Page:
Talk:Handedness

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Shared material with left-handed[edit]

Moved to Talk:Laterality#From Talk:Handedness.23Shared material with left-handed. Please go there to continue merger discussion.
The removed material spans 10:25, 25 Jan 2005 to 03:12, 11 February 2006, and was moved from here at 10:27, 11 March 2006.

Proposed merger [edit]

Moved to Talk:Laterality#Merger proposal. Please go there to continue merger discussion.
The removed material spans 02:55, 11 February 2006 to 10:16, 11 March 2006, and was moved from here at 2006-03-11 10:27:30

/* Genetic factors */ deletion due to failed verification[edit]

This statement does not correlate with the citations provided.

"Other mechanisms may play a role in handedness, for example hormone signalling. Medland et al.[21] found a CAG repeat length variant in the androgen receptor gene (AR) that is positively correlated with left-handedness in females, and negatively correlated in males. This same variant is positively correlated with testosterone levels in males, and negatively correlated in females." This may help to explain why there are more left-handed men than women (around 12% in men versus 10% in women globally).[3] However, another study has found that this variant is instead associated with mixed-handedness in males (and not left-handedness), conflicting with the original results.[22]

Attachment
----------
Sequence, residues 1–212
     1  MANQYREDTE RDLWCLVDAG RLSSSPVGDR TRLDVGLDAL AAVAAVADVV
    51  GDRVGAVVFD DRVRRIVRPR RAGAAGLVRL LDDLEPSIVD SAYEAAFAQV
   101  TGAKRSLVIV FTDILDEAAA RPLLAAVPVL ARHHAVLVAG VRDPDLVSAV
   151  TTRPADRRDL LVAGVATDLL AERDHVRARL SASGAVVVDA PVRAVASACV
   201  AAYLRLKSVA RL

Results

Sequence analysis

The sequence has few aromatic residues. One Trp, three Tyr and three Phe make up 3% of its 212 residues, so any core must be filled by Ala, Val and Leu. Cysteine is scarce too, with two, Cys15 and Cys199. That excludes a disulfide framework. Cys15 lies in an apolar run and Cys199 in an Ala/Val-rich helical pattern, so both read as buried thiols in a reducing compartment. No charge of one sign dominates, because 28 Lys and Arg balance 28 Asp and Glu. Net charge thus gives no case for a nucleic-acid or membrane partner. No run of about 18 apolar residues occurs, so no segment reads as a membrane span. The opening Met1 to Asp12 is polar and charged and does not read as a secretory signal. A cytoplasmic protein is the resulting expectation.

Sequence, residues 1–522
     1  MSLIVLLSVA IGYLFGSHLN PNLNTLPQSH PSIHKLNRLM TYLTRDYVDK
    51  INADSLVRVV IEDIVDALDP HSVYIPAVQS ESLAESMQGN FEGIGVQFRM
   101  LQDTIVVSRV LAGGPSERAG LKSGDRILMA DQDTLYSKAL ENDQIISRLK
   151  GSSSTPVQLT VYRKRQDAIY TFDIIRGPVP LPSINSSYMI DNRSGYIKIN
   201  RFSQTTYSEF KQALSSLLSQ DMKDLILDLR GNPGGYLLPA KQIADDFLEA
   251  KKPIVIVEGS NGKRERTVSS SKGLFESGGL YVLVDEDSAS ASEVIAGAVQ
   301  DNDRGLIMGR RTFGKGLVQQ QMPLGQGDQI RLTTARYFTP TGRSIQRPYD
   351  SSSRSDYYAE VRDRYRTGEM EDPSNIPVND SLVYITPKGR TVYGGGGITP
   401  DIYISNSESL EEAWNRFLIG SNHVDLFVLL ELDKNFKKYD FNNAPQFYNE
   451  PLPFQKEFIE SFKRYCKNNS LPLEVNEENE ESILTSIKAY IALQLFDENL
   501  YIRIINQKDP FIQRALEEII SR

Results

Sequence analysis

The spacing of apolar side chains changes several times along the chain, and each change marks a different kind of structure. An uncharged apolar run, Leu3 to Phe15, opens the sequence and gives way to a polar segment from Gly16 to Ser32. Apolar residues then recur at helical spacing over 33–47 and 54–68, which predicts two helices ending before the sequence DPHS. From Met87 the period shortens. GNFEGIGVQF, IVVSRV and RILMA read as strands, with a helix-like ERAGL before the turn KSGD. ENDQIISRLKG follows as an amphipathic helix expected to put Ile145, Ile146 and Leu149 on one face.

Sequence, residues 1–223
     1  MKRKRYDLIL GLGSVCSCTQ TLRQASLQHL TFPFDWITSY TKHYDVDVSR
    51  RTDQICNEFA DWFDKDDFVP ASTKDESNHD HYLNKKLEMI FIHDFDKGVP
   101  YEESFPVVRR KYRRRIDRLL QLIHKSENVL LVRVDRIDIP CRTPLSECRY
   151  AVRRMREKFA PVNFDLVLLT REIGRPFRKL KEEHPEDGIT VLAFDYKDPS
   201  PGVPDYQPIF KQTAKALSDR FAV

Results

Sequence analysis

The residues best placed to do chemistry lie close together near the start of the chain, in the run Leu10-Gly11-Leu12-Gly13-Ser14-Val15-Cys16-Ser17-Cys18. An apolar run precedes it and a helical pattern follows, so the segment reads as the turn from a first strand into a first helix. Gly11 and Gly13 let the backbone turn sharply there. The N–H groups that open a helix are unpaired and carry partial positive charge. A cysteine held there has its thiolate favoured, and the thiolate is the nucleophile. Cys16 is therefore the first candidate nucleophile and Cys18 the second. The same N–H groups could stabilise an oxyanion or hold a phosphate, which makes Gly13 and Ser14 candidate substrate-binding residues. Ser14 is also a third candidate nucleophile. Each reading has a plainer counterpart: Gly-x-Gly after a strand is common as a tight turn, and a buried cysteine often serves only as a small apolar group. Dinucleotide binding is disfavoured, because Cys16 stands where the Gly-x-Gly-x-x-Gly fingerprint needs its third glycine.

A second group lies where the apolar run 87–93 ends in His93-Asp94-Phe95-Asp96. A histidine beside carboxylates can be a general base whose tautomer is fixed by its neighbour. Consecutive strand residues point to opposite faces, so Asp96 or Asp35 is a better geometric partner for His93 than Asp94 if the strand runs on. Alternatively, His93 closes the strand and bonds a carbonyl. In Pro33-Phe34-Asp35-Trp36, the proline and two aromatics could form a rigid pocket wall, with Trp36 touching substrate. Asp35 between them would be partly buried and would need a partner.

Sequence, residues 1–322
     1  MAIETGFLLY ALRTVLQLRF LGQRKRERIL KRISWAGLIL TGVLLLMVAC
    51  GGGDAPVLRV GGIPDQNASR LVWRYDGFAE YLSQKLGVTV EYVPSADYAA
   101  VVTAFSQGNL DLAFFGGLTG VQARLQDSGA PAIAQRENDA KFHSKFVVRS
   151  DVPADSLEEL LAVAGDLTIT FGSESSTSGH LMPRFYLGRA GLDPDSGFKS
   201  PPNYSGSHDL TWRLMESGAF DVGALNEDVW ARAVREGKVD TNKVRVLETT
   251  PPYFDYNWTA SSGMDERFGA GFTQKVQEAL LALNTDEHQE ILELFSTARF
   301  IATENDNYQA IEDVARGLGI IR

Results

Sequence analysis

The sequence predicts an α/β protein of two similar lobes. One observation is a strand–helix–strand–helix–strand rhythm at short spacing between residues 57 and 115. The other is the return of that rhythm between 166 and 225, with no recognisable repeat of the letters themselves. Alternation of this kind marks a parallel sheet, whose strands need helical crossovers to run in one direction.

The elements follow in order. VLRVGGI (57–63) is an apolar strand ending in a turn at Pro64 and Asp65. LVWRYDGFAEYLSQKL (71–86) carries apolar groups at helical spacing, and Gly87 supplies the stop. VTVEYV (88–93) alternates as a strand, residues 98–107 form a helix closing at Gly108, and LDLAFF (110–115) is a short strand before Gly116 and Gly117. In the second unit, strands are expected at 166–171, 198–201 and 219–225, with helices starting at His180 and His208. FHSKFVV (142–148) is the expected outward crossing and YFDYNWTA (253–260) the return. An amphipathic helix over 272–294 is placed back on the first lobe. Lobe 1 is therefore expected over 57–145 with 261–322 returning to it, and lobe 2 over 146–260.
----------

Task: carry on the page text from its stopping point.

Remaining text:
One citation provided is a meta-study, that doesn't give explanation on why "left handedness" is more prevalent in males, just that it is more prevalent in males, the other citation provided states the exact opposite of the above text:

Behav Genet. 2005 Nov;35(6):735-44. Opposite effects of androgen receptor CAG repeat length on increased risk of left-handedness in males and females.

"Likelihood of left handedness increased in those individuals with variants of the androgen receptor associated with lower testosterone levels"

Nature vs nurture?[edit]

I know this is original research on my part, which is why I'm only putting it in talk -- but why is the possibility ignored that the correlation between parents and children might be environmental rather than genetic? You know, the nature vs nurture thing? To say "if both parents of a child are left-handed, there is a 26% chance of that child being left-handed", as if it supports the genetic theory, is a gigantic logical leap. If a kid's raised in a house where both parents demonstrate how to do things with their left hands, and goes on to use her right hand with 74% likelihood, isn't that an amazing demonstration of how little Nature (genetics) OR Nurture (environmental factors) has to do with it?

If there's evidence that suggests that it's nature rather than nurture, I think that evidence should be presented in this article. --RobertStar20 (talk) 15:13, 17 July 2014 (UTC)